For a while now, I’ve been on the 7-Minute Workout. This being 2015, of course I use an app to guide me through the routine, complete with coach’s voice, whistle, badges for staying on track, “in-app” purchases – the works! I’ve actually been pretty diligent about sticking with the program: I’ve missed only two days in the month. (Both times, I lost a “heart”, which the program promptly offered to sell back to me for 99 cents, or stock them up “in bulk” for a lower per-unit price!) Having had a fairly active day yesterday, I decided to skip the workout – but I didn’t want to go through the rigmarole of “losing a heart”. So I simply started the program and proceeded to fold laundry; seven minutes and fifty seconds later, the program declared “Workout complete!” and duly recorded my achievement.
Wow, every year at Dreamforce I think “how are they going to top this?” and every year they do; this year’s Dreamforce was no exception. There was an incredible energy in San Francisco as so many ideas and solutions are being built leveraging Salesforce technologies. It would be impossible for one person to cover everything that happened so I’ve enlisted the help of my colleagues to put together our top 10 observations from the show – what Salesforce is doing, what developers are doing and what customers are looking for. There is so much here we’ve just picked the top 5 as we saw it.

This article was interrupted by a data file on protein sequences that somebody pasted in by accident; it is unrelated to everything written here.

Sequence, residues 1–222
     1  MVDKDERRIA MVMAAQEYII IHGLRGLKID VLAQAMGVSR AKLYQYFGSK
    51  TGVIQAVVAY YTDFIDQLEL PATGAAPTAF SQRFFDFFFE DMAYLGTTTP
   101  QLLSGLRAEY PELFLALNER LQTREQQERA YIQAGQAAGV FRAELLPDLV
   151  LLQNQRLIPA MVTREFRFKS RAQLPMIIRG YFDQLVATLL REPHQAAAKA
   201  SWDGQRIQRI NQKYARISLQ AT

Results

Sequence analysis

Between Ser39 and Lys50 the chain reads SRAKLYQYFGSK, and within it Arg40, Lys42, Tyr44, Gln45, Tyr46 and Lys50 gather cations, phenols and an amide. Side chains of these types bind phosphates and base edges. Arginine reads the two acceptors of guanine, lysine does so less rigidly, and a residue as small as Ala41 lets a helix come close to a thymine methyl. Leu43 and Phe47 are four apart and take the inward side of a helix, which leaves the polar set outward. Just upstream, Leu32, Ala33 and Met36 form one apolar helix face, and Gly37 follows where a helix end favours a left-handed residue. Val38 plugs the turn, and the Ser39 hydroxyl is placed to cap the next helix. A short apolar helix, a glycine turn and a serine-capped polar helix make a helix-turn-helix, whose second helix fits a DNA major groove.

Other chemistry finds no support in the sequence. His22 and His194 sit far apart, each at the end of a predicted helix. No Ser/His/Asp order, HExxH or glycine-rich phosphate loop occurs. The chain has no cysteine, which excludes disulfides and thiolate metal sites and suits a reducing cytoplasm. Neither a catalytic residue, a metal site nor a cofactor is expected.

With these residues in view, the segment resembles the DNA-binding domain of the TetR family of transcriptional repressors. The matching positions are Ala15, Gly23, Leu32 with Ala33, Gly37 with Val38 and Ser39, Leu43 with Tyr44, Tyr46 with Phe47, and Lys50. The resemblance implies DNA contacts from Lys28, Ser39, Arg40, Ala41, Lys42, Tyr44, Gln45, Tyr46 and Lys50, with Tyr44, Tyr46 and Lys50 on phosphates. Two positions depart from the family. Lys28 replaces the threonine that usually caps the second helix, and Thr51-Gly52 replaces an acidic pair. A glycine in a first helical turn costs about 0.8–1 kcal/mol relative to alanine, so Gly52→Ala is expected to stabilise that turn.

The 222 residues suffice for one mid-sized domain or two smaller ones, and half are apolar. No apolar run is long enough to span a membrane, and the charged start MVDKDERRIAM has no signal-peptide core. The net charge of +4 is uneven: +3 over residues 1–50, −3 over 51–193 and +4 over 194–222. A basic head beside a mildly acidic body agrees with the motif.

This is the fourth article in our series on building an IoT platform using open source components. In the earlier articles in this series, we looked at basic components of an IoT system and discussed a messaging based architecture which can serve as the nervous system to exchange information between the various IoT components. Now, let us look at what could be considered as the brain of an IoT system – the analytics engine which decides what to make of the information and the database(s) storing the information.
After I posted my previous article “Association Framework: Future for working in the Digital World”, two things happened over the past few weeks. First, there were emails, messages, phone calls and animated conversations ranging from absolute agreement to outright skepticism of the concept – and everything in between! I loved all of the discussion and gave me some ideas to think about I hadn’t before. Second, many wanted to know possible implications & impact on current organizations’ structure, especially from the human resources point of view. In short, how will this work….Let me pen down my thoughts on the Human Dynamics and the challenges that organizations will face to evolve in the new world.
Think of the produce aisle at the supermarket, full of items of different tastes, flavors, colors, and shapes. You go in search of the fresh ones, the ripe ones, the right ones – and you find none! Some have expired dates, some have unwanted ingredients, and some are not on the shelves. Data in enterprise systems is like food – it has to be kept fresh, it has to have the nourishment you need, and you have to be able to find it; otherwise it goes bad and doesn’t help you in making strategic and operational decisions. Just as consuming spoiled food could make you sick, using “spoiled” data may be bad for your organization’s health. There may be plenty of data, but it has to be reliable and consumable in order to be valuable. While most of the focus in enterprises is often about how to store and analyze large amounts of data, it is also very important to keep this data fresh and flavorful. How do you do this? By monitoring, auditing, testing, managing, and controlling the data. In other words, it is all about setting strong data governance in place for enterprise data platforms.